It's pretty clear that the movie is not a retelling of the battle itself but a movie based in Frank Miller's graphic novel.. Zack Snyder says so himself in the movie's website. There's a minotaur who fights for the Persian army in the movie so I wouldn't watch it expecting a history lesson. Personally I can't wait to see it, love the colours used... Really hope they bring it to the cinemas here as the DVD won't be nearly as good an experience (not holding out for much seeing as it is R rated)

Peppa said...

I agree with T, the movie is based on a comic and it should be critique that way...i've seen other post about 300 saying that it is not following the history and blah blah and that is correct, its a graphic novel for crying out loud... The CGI technology is amazing. There are behind the scene clips on zannel if you are into the CGI technology as i am...

Anonymous said...

This movie rocks!

Komisiripala said...

i watched this movie on saturday - and it was the best damn action/drama combo movie i have seen in a while. departed and blood diamond are different genres i think.

the CGI is seamlessly used and the dialogue is very captivating. gerard butler was very good (albeit i didn't expect leonidas to have a slightly scottish accent).

all in all two thumbs way the f** up.

Mr. Evil said...

Hmmmm... from experience.. trainlers are brilliant and fake dvd copies in sl somewhat most of the time turn into a great disappointment. But who knows! Maybe things are about to change! lol :)

Spooky said...

If you want a real blood rush, read Steven Pressfield's "Gates of Fire". Probably the best I've read on Thermopylae.

cerno said...

I read the original comic at a Borders in the U.S. This was perhaps 4-5 years ago. I read the whole thing standing by the book shelf. Didn't buy it. Which perhaps explains why I agree with sittingnut's expectation of the comic.

I haven't seen the entire film though I've seen a few clips off the internet. From that it looks like the film is faithful to the graphic style of the original comic. I think if the film makers were anymore faithful the film would have been an animated one.

The imagery of the comic was violently bloody, and macabre. A marvel/superhero comic in ancient Greece costume. There was a brooding even in the "normal" dialogue frames. The rendering of the artwork demonstrated that the artist had a high level of mastery of the medium.

The story line wasn't very nuanced. The stoic, clean, brave Spartans stand up to a exotic, decedent corrupt foreign evil (so civilisation has a fighting chance). They are betrayed and die fighting which makes them heroes. The End. There is some reference to the darker side Spartan culture but not much.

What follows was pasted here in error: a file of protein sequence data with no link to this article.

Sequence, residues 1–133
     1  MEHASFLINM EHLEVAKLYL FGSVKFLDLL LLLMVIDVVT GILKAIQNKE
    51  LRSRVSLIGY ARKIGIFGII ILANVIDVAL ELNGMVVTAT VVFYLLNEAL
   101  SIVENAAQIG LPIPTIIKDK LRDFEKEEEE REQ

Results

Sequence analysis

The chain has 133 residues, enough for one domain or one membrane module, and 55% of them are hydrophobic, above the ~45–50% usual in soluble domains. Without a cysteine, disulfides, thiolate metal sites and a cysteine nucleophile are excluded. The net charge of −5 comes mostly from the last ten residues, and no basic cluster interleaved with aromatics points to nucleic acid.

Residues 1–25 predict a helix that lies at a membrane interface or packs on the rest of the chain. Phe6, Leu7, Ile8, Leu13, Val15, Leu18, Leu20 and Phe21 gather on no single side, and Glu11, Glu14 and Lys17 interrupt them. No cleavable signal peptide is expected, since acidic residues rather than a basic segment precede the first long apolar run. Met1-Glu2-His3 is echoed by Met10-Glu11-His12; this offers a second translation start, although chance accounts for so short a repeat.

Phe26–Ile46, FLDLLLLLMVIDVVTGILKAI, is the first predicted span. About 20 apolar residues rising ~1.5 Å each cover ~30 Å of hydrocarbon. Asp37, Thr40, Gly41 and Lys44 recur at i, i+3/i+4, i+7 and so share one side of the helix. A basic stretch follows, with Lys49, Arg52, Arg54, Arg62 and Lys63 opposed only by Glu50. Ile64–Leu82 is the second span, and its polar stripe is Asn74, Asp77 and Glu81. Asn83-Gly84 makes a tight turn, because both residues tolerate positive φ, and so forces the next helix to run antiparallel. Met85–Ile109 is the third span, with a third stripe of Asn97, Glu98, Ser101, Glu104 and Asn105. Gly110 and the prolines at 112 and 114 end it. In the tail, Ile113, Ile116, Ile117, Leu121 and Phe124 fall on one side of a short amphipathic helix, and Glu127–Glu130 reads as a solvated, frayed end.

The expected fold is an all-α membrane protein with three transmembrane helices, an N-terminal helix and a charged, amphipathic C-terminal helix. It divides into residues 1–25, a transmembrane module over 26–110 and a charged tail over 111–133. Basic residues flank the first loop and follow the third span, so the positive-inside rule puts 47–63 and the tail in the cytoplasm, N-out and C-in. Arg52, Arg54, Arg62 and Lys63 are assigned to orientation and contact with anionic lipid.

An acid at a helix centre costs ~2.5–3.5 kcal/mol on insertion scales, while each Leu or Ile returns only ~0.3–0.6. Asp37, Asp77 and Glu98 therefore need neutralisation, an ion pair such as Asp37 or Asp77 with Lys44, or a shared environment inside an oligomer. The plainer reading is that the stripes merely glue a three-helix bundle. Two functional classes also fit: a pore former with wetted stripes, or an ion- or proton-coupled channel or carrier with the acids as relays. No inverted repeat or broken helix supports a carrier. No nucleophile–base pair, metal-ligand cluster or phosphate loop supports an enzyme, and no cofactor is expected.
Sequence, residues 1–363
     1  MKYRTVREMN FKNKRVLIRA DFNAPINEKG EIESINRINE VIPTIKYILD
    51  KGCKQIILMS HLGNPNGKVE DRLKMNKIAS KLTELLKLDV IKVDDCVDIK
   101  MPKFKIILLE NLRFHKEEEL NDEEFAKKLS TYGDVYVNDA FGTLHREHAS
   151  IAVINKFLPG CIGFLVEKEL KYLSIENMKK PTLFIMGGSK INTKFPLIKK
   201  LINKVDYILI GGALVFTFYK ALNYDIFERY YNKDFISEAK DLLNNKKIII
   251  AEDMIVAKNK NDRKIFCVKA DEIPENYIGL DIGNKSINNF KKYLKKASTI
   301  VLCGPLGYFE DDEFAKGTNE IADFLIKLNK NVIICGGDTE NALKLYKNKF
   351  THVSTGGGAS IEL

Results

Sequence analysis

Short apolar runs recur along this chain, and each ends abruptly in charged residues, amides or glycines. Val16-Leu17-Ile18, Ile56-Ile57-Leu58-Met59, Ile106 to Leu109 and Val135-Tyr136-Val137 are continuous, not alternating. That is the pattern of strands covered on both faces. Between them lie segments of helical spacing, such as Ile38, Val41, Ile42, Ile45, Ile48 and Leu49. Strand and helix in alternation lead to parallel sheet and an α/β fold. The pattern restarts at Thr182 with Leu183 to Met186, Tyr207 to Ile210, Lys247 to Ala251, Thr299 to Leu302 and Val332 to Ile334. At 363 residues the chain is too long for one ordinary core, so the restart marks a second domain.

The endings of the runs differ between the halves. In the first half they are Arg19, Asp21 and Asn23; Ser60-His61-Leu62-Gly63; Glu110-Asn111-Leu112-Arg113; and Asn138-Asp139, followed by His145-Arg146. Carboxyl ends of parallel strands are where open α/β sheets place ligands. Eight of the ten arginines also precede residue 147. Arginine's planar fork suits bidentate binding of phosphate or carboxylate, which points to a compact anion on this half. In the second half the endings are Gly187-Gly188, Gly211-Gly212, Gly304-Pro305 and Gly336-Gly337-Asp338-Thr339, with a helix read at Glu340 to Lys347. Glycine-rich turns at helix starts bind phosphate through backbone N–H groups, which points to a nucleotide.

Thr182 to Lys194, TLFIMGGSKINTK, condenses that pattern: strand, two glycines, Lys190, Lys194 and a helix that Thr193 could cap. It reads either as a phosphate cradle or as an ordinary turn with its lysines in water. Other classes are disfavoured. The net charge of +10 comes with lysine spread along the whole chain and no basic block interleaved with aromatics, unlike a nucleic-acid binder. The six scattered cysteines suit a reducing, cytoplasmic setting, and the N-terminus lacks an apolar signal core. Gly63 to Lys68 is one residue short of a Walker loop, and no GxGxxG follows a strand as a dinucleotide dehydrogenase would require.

My biggest problem with the comic though is with the portrayal of the "Persians". I'm not an expert on Persian art and history though I've read enough to spot Persian art of that era. The "Persians" in the comic didn't have any remote resemblance to what I knew from art history. The "Persian" king (with over the top body piercing) was depicted as a rock-star ego maniac out of a Mad Max movie. I vaguely recall seeing the king's women in the comic wearing what seemed to be Burkas.

The cultural referencing was so off that the "Persians" in the comic might as well been wearing Kimonos. I also got a distinct feeling of that there was an undercurrent for anti-middle-eastern (not exactly anti-Islamic) in the depiction of the "enemy horde".

The stereotyping in the comic must have got carried over to the movie. The usual excuse is of course "its only a comic" or "its only an action movie". For people (who don't look or are middle eastern) and like to watch a fun digital blood bath from the safety of their megaplex seats, I suppose it will be an enjoyable movie. It will also appeal to anyone who also likes to see well muscled scantly clad men.

And somewhere in the heartland of the U.S, some scared kid would might have the fantasy of himself holding off hoards of Ay-Rabs with heavy duty firepower.

But of course I'm stereotyping and not being very nuanced.